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τοῦ μὴτεῖναι, ‘in order that he should not bend...’ “τοῦ μή” is not to be taken with “μελέτῃ” (‘care to prevent his bending’), but with the whole preceding sentence. This constr. occurs (a) after words of hindering, Xen. An. 3. 5. 11πᾶς...ἀσκὸς δύο ἄνδρας ἕξει τοῦ μὴ καταδῦναι”: (b) where the notion of hindering is not expressed, but only implied, as Thuc. 1. 23§ 5 “τὰς αἰτίας προέγραψα..., τοῦ μή τινα ζητῆσαί ποτε ἐξ ὅτου τοσοῦτος πόλεμος...κατέστη”. Id. 2. 22§ 1 “ἐκκλησίαν οὐκ ἐποίει..., τοῦ μὴ ὀργῇ...ξυνελθόντας ἐξαμαρτεῖν”. So, in affirmative sentences, “τοῦ” without “μή”: id. 1. 4 “τό τε λῃστικὸν ...καθῄρει..., τοῦ τὰς προσόδους μᾶλλον ἰέναι αὐτῷ.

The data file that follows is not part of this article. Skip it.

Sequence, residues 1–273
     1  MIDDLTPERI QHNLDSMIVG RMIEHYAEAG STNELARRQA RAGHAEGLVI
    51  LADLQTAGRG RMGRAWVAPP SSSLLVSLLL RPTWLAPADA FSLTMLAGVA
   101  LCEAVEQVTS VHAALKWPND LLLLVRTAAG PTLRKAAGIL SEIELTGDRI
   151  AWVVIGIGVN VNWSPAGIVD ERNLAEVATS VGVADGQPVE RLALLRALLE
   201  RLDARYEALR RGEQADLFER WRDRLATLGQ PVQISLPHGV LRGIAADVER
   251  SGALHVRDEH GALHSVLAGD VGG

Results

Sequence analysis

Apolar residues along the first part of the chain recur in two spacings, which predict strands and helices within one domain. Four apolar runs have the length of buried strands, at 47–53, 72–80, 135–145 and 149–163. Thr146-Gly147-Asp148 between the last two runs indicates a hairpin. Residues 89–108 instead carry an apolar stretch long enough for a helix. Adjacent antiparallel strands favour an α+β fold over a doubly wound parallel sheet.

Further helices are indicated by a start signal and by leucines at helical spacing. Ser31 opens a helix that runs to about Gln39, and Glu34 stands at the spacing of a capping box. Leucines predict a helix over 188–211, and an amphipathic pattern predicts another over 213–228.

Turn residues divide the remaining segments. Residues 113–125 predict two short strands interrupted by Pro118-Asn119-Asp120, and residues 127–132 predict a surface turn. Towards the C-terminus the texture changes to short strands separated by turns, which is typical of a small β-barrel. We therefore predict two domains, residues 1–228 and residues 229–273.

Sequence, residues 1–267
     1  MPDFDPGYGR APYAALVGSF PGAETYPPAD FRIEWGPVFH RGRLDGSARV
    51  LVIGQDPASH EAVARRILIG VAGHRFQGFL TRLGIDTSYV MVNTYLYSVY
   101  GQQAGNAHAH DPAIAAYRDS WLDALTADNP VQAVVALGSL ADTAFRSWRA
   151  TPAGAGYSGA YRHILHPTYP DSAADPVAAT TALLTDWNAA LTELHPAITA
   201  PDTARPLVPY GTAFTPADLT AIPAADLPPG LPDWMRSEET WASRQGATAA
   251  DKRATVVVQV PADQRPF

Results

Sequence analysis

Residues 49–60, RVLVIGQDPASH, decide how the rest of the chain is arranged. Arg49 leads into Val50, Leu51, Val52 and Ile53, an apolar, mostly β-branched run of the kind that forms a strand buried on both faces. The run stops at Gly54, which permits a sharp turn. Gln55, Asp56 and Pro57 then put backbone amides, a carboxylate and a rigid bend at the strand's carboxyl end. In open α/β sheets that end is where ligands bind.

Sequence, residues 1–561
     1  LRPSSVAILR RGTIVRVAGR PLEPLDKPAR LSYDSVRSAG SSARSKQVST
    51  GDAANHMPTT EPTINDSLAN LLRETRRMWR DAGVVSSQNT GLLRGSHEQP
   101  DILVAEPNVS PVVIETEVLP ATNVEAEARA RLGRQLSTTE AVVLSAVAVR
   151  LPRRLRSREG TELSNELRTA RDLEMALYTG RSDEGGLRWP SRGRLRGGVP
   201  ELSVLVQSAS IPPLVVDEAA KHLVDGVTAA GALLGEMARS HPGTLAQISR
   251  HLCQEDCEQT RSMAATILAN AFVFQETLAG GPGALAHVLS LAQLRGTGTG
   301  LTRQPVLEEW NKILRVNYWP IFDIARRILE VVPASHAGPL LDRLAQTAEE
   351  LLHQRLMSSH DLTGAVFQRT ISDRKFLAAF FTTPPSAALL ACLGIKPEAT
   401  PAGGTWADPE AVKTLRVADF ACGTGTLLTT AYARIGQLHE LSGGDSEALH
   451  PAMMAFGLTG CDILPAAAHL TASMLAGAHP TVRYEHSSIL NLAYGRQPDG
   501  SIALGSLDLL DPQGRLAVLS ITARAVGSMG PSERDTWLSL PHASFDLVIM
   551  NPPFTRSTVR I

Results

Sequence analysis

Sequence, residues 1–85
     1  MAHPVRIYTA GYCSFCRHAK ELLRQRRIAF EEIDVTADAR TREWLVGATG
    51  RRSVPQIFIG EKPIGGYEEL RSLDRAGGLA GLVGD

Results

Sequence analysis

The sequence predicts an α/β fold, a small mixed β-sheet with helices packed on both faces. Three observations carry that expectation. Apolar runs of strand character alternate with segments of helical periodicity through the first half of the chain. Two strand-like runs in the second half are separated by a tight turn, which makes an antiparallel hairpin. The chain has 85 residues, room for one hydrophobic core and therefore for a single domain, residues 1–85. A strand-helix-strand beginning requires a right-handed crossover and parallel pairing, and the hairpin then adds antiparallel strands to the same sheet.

τεῖναιβέλη, point them, like sagittas tendere ( C. 1. 29. 9): we need not suppose that a word proper to the bow (‘stretch’) is transferred to the arrows. τὰ θεῶν, i.e., given by the gods (cp. 140Διὸς σκῆπτρον”), because the bow of Philoctetes was originally the gift of Apollo to Heracles ( Apollod. 1. 4. 11§ 9). Cp. 943.


hide References (6 total)
  • Commentary references from this page (6):
    • Pseudo-Apollodorus, Library, 1.4
    • Sophocles, Philoctetes, 140
    • Sophocles, Philoctetes, 943
    • Thucydides, Histories, 1.23
    • Thucydides, Histories, 2.22
    • Xenophon, Anabasis, 3.5.11
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